What are some other definitions of faith? Merriam-Webster dictionary defines faith as, “Firm belief in something for which there is no proof.” I’m taking the Merriam-Webster definition as referring to absolute proof. The philosopher, Immanuel Kant defines faith as, “A rational attitude towards a potential object of knowledge which arises when we are subjectively certain it is true even though we are unable to gain theoretical or objective certainty.” Hebrews 11:1 says, “Now faith is the assurance of things hoped for, the conviction of things not seen.” I think these definitions work better. From these definitions I think there is a faith element to all beliefs outside of the belief in our own existence. This is something that John disagrees with, but I think this is largely because of the religious connotations of the word faith, and his aversion to anything religious.

Now let’s get back to John’s discussion of faith. He writes:
I do not deny that at any given time we must assume some things since we cannot place on the table everything we think is true and examine them all at the same time. This is especially true about our notions that we exist, are communicating with other minds, that our memories represent the past, that there was a past, that there is a material world, that our senses give us accurate input that we are not dreaming right now, etc. What I deny is that we accept any of these things by faith. We might be wrong, but faith isn’t what allows us to accept such things. Scientific reasoning does. I can defend each one of my conclusions about such things though, and I do. These prior conclusions provide the background knowledge I have when involved in any discussion, and I’m allowed to have them.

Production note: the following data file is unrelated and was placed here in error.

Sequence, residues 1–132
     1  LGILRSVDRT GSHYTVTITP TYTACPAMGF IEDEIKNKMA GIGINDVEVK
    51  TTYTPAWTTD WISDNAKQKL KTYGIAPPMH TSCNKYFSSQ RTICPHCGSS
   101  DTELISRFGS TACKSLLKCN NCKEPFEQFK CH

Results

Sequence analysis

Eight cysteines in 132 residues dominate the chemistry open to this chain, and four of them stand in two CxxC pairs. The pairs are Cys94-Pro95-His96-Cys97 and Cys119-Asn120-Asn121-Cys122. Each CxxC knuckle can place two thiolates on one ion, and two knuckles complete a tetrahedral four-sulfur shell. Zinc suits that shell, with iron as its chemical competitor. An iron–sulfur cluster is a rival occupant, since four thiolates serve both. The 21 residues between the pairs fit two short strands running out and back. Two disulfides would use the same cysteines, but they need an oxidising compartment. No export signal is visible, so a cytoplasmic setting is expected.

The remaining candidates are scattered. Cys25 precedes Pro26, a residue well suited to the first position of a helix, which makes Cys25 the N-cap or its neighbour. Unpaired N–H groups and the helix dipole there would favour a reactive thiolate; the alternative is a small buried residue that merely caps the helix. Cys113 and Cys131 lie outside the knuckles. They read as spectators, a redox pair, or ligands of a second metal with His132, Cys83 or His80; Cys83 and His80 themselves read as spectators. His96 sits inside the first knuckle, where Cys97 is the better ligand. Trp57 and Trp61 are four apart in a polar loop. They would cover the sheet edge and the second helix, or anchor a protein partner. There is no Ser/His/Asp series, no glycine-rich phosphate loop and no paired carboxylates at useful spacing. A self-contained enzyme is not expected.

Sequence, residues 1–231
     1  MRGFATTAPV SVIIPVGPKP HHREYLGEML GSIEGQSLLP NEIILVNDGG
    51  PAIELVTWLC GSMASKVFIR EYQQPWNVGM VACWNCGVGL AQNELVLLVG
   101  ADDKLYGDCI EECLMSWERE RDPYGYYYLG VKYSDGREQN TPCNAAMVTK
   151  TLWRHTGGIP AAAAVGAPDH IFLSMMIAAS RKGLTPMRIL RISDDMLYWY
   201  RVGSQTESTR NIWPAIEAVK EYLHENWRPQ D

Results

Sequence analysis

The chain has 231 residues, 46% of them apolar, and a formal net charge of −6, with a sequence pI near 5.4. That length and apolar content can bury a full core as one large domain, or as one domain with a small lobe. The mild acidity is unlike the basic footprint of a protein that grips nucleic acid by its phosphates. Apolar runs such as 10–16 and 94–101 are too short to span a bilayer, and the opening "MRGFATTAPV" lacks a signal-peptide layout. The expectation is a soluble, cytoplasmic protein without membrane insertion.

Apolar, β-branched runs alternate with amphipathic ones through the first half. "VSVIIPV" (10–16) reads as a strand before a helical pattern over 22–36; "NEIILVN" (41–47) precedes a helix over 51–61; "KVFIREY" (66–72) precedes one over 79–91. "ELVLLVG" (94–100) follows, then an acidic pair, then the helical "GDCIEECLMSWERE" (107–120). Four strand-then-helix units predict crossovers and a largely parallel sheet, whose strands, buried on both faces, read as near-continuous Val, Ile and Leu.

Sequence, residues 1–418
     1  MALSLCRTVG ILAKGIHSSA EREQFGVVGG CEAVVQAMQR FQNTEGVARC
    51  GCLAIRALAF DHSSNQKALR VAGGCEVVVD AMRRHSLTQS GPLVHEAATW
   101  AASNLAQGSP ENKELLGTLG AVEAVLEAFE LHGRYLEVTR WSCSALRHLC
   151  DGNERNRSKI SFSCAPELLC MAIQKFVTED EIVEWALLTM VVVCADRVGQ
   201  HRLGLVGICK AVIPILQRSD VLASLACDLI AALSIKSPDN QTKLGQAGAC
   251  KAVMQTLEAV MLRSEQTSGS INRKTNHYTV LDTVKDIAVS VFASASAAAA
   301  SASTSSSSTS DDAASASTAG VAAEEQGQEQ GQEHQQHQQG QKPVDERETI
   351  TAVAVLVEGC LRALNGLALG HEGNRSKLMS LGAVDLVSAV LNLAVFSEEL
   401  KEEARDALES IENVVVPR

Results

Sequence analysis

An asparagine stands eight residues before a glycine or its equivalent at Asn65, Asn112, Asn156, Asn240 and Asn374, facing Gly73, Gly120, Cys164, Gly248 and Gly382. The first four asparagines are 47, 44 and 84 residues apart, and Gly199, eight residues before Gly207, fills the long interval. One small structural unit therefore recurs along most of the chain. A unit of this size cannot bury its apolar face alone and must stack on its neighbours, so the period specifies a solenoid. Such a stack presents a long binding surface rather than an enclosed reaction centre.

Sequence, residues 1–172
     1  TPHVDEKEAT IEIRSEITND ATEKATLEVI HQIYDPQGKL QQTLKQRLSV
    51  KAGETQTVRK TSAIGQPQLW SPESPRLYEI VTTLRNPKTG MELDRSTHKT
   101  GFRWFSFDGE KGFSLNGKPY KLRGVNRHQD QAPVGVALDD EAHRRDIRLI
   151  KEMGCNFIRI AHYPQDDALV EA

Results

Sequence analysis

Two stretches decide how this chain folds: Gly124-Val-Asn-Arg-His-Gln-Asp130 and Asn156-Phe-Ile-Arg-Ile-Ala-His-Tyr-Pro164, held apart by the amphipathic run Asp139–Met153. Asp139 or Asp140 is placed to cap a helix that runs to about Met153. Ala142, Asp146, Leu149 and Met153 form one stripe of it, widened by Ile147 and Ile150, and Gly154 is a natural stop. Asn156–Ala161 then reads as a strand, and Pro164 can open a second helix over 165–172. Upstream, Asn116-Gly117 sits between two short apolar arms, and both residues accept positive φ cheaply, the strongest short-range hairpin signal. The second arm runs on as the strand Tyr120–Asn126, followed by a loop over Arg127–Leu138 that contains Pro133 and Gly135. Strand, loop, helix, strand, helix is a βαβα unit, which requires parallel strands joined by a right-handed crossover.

John is right that we must make assumptions such as a universe exists outside of my mind but this assumption cannot be proven scientifically. John goes on to talk about our fairly reliable memories, archaeological evidence and scientific evidence for the Big Bang. It appears like we have these things, but what if all this stuff are just elaborate fictions fed to our minds by an evil genius who is trying to deceive us? What if Albert Einstein, Isaac Newton and Charles Darwin and their work are just literal as Don Quixote, Sherlock Holmes and Bilbo Baggins? There is no way to be certain, but the fact that I can’t be absolutely certain that the world, which appears to surround me, literally exists doesn't dissuade me from being confident that the world exists because I can rationally make the assumption that there is no good reason to doubt the universe’s existence.